# Response of a loop of current vs. a rigidly rotating charged ring to a magnetic field

In a uniform magnetic field, a loop of current on a wire will feel a torque that makes the magnetic moment of the loop align with the field direction. But for a rigidly rotating ring of charge, its magnetic moment will Larmor precess about the direction of the magnetic field (at a rate given by its gyromagnetic ratio).

How and why does this difference arise? In both cases, the loops have a magnetic moment and net angular momentum, and both of these vectors are normal to the plane of the loop. It seems that either both or neither setups should exhibit precession.

• > "a loop of current on a wire will feel a torque that makes the magnetic moment of the loop align with the field direction" Why do you think that? I think a free floating current carrying ring (wire) may show precession as well. Unless there is enough friction or other external forces to make the precession go away and then the magnetic moment will align with external magnetic field. Commented Feb 21, 2023 at 23:14
• @JánLalinský because all the discussions of this specific problem in textbooks and articles say so. For example the problem of the torque on a square loop of current is found by calculating the force on each side and you see the loop will turn parallel to B, exactly the way an electric dipole will turn parallel to E. It doesn't precess. That said, I think you are right and this example neglects the angular momentum the flow of current causes on the loop. But I am struggling to understand how to make that issue clear and precise to be fully convinced. Commented Feb 21, 2023 at 23:33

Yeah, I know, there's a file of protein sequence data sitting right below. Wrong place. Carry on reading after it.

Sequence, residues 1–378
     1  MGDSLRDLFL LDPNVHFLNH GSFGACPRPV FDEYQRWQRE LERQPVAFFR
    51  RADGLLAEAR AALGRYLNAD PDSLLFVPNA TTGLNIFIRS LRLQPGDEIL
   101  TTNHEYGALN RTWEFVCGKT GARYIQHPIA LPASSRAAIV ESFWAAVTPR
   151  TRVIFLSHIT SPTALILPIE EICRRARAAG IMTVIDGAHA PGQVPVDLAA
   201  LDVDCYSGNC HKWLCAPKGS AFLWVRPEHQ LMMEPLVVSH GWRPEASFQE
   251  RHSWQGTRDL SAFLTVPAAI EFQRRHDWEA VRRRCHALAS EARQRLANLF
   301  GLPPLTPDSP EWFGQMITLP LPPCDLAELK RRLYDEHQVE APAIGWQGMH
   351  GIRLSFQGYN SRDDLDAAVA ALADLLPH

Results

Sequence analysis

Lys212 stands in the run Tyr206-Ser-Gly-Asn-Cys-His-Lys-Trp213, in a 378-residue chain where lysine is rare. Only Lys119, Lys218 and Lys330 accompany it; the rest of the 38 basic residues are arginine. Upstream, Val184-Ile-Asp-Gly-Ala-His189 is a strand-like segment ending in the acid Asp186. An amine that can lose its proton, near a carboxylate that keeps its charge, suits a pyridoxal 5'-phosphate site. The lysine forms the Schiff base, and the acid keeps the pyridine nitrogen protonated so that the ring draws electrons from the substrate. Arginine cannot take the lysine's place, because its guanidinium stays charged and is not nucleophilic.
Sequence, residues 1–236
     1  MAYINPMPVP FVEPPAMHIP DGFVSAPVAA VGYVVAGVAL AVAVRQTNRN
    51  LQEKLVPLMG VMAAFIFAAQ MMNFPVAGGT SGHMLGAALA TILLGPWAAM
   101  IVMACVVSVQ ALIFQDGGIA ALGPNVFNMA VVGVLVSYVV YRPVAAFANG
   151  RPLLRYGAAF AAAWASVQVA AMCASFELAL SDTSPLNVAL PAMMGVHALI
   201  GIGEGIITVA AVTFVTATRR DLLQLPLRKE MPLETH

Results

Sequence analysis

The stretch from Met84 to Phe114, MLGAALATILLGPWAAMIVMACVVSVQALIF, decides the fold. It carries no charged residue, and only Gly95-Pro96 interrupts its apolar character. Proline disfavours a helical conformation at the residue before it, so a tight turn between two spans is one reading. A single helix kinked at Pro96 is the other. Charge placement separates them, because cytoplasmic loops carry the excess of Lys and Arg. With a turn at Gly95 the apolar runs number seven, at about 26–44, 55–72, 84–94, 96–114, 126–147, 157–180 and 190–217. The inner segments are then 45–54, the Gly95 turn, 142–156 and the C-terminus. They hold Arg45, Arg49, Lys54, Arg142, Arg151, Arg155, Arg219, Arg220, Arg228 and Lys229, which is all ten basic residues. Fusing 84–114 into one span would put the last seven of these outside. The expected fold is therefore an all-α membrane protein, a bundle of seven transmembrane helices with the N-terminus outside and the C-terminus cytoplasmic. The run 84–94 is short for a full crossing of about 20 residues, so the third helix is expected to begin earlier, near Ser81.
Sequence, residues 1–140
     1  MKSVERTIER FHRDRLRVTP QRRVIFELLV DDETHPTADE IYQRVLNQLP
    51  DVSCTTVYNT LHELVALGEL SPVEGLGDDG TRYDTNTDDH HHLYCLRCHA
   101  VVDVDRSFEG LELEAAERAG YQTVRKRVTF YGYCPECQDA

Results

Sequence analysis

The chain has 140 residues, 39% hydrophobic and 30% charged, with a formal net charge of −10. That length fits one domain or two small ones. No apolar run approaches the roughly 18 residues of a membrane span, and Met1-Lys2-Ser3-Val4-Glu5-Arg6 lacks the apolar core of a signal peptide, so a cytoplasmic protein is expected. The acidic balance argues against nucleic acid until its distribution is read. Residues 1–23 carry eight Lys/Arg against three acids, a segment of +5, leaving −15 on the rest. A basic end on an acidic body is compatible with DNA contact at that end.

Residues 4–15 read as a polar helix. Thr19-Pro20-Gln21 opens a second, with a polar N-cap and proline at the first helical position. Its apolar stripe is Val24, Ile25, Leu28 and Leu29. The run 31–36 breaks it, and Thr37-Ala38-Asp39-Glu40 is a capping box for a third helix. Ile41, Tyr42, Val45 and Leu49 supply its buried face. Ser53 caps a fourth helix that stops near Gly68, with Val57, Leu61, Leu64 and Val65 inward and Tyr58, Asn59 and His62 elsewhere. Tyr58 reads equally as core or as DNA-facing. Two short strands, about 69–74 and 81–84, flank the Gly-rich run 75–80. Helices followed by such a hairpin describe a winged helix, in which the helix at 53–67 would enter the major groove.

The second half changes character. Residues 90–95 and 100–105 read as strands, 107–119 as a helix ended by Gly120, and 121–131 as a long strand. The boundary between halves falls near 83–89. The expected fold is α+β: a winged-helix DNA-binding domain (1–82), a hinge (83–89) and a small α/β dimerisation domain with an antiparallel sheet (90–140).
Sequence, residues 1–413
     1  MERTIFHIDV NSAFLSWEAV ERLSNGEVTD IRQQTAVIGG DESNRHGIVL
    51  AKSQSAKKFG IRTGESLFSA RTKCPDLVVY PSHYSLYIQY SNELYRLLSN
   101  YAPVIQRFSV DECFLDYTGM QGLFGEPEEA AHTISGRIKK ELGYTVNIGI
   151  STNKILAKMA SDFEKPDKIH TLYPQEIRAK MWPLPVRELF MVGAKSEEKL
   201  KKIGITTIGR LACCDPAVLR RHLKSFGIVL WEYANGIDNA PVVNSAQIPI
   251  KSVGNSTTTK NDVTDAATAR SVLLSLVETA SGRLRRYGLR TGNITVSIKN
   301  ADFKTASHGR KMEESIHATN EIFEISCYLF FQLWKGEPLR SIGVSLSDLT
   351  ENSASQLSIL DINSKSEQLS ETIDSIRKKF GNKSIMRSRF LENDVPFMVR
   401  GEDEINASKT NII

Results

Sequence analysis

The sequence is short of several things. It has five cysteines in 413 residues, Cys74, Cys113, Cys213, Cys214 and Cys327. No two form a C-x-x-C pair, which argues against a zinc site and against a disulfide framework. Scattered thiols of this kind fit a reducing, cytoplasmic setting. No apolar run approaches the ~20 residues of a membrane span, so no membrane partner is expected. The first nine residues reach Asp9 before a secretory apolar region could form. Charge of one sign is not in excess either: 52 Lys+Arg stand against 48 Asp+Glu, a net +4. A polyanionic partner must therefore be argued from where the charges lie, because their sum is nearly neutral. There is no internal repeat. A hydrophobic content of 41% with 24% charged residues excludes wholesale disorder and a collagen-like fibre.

• I think in most textbooks they don't go to such detail on purpose, and denial of precession in those textbook examples can be made correct by an additional assumption, that the current loop is constrained by some hinges, so it can rotate around one axis, but not around other axes, so precession is prevented. Commented Feb 21, 2023 at 23:50
• @JánLalinský perhaps, but I feel like that sort of constraint is usually explicitly stated. I might be more willing to accept the idea that they only intend to give the instantaneous torque and that how the system evolves in time depends on additional inputs/initial conditions. For example, the current carrying wire could also be rigidly rotating in the reverse direction to exactly cancel the angular momentum of the current carriers, in which case I believe no precession would be the correct motion. In the rigidly rotating case, this sort of freedom doesn't exist, so precession is mandatory. Commented Feb 22, 2023 at 0:07
• @heranias any new ideas? I came up with the same question studying proton precession... Commented Oct 8, 2023 at 19:55